It’s impossible though to discuss Black mental health and what’s required for helping Black communities heal from trauma and lessen the stigma around mental health without also discussing the need for Black liberation and as such, how anti-Blackness is embedded into everyday life–something that finds itself globally taking the attention of mainstream media. “The many Black injustices in the world fall heavy on my heart and I always find myself wanting to do more for our community. Sometimes this becomes overwhelming and I feel an overflow of emotions, thankfully, I’m surrounded by my Black friends who feel the same way and we uplift and motivate each other,” Shania shares when I ask her how she has been checking in with her mind and heart right now. “It’s also just reminding myself not to put too much pressure on me to want to do everything to help. I can only do what I can.”

Bloom as an EP explores the importance of extending this kind of grace to yourself. Going back to her interview with The Blacklist, she explains that the intention of Bloom was to tell a story and that story was, “falling from happiness and being willing to grow again.” A concept that found its way into Shania’s life exactly a year ago and yet proved to be exactly what we needed in this moment now.

While the interludes were created early September 2019 out of boredom in her university room, Bloom as a body came into development the following month in October. The interludes found themselves on the EP and then “Pear” followed by “Lilac” and closing with “Bby Blue.”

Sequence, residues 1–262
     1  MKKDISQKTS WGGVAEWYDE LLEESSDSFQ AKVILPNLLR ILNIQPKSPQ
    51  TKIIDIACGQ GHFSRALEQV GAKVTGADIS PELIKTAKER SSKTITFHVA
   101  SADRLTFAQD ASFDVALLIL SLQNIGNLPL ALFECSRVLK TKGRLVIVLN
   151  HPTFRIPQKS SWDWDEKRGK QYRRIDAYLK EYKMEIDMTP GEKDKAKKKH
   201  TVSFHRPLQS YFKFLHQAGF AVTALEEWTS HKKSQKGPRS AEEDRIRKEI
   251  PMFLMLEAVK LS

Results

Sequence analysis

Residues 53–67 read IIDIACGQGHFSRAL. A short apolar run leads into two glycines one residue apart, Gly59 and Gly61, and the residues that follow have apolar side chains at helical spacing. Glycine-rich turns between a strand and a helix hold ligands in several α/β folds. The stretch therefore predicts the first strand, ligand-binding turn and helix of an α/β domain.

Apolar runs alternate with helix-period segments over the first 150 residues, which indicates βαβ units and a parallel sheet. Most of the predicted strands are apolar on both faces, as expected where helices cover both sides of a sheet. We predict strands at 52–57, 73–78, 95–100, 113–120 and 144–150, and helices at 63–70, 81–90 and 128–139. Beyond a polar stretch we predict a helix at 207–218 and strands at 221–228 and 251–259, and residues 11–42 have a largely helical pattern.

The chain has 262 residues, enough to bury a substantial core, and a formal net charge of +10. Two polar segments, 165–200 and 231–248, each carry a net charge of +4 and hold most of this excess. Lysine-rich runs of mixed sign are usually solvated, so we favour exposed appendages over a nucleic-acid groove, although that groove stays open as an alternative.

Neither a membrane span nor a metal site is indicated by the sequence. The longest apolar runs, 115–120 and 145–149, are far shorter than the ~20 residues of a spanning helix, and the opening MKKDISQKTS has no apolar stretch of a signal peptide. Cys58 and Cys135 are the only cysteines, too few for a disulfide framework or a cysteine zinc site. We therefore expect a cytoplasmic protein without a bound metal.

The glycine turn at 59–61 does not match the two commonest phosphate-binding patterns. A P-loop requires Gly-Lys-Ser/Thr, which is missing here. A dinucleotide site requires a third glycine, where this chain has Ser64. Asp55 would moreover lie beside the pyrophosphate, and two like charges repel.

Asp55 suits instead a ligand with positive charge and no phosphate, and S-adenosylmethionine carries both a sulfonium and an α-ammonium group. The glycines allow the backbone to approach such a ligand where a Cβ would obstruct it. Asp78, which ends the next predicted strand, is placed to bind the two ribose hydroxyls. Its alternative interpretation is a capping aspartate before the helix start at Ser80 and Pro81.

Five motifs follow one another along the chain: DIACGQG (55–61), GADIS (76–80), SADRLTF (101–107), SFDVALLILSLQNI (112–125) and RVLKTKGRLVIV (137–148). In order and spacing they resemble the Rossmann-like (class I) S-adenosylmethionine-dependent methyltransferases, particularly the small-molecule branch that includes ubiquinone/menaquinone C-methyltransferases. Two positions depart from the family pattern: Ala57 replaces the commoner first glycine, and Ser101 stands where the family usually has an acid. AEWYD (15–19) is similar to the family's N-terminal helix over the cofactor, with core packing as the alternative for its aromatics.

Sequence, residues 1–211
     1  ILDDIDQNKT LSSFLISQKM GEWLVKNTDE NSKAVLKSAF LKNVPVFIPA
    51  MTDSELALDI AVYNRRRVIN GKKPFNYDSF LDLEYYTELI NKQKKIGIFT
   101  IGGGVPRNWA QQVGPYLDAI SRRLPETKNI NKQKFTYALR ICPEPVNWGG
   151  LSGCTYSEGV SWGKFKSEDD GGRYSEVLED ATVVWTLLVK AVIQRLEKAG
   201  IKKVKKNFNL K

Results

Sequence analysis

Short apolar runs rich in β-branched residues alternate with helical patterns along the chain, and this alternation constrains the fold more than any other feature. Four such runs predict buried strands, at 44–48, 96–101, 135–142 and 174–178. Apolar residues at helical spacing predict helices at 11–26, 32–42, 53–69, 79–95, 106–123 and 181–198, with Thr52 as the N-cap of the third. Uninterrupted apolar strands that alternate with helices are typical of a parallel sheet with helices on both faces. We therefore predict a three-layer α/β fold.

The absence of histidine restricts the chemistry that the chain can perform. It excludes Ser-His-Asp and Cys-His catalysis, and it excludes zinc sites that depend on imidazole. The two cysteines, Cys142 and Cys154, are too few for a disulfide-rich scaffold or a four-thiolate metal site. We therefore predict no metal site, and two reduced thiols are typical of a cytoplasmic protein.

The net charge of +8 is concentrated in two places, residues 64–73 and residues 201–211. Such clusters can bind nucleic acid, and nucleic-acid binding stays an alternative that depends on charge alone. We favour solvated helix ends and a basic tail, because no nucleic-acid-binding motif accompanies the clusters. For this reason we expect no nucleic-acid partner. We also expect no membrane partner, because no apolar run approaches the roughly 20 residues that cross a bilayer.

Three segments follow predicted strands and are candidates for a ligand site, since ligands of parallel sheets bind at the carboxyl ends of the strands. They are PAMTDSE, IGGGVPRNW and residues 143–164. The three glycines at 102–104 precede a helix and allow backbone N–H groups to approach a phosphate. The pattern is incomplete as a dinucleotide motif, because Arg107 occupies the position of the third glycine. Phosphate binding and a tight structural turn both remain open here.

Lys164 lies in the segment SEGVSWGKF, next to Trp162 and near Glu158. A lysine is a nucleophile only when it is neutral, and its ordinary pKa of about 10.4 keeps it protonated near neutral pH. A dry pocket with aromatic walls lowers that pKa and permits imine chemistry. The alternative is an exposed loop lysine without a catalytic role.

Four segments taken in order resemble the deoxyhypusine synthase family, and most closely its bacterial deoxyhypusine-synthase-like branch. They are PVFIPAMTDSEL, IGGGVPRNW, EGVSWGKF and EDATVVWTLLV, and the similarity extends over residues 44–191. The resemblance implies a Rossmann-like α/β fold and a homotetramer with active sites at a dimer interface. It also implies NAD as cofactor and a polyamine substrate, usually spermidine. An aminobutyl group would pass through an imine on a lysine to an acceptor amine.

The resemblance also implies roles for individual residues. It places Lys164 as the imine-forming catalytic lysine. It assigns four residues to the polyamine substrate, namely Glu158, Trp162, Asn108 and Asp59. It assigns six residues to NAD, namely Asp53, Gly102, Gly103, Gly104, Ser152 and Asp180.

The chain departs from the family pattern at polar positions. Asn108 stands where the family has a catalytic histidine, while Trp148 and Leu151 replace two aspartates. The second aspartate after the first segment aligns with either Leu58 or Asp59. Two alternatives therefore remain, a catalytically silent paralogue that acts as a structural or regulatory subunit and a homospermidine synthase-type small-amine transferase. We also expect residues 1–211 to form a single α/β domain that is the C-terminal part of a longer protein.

The song “Bby Blue” I specifically note to her feels like it addresses the grief involved with realizing the way the world and our surroundings impact our mental states. “‘Bby Blue’ specifically was written at a time when I was feeling the exact opposite of the vibes in the lyrics. So, I’d say I was pretty happy and in a good place, it’s only so miserable because I wanted the song to be a miserable song, not because I, myself, was miserable.” She shares while admitting the difference between the time when she was writing the songs and now had changed the way she looks and thinks about Bloom.

“When it came to the stage of promoting the song, it was during the height of coronavirus and that was a very hard time for a lot of people. The whole world was thrown into the midst of the unknown and people were dying at high numbers each day. Extremely worrying,” Shania explains. “‘Bby Blue’ really encapsulated that new feeling many people and myself were feeling at that specific time.”

Usually to get out of that feeling, I have to allow myself to feel a bit first. There, I recognise I’m in a low place, but also acknowledge I’ll soon be out of it.

One of the lyrics in the song goes, “Why is this so fucking exhausting? I lack stimulation and I don’t feel like creating.” A lyric that speaks from the very buried rock bottom feeling that can often be hard to talk about, it’s both vulnerable and blunt. And yet, it’s not uncharted territory for Shania to express said feeling publicly. She was also featured previously this year on We Do Wellness, a community-based wellness project, where she talked about balancing highs and lows. “Yeah, so usually to get out from that feeling, I have to allow myself to feel a bit first. There, I recognise I’m in a low place, but also acknowledge I’ll soon be out of it,” she starts. “That’s when I turn to music, whether that’s listening to a bunch of sad songs to make me feel less alone in my feelings. Or I’ll create new music.” She admits that there are moments, however, that she doesn’t feel a connection to the music. “I’ll look to other avenues to help myself get better, like taking long walks to help my mind and going to see friends.”

“Though, with the coronavirus, many restrictions have been enforced and being at home alone for hours on end can have a negative impact on one’s mental health. So I recognise that now it isn’t as easy to do the things you used to do that would help ease the struggles we face,” she adds.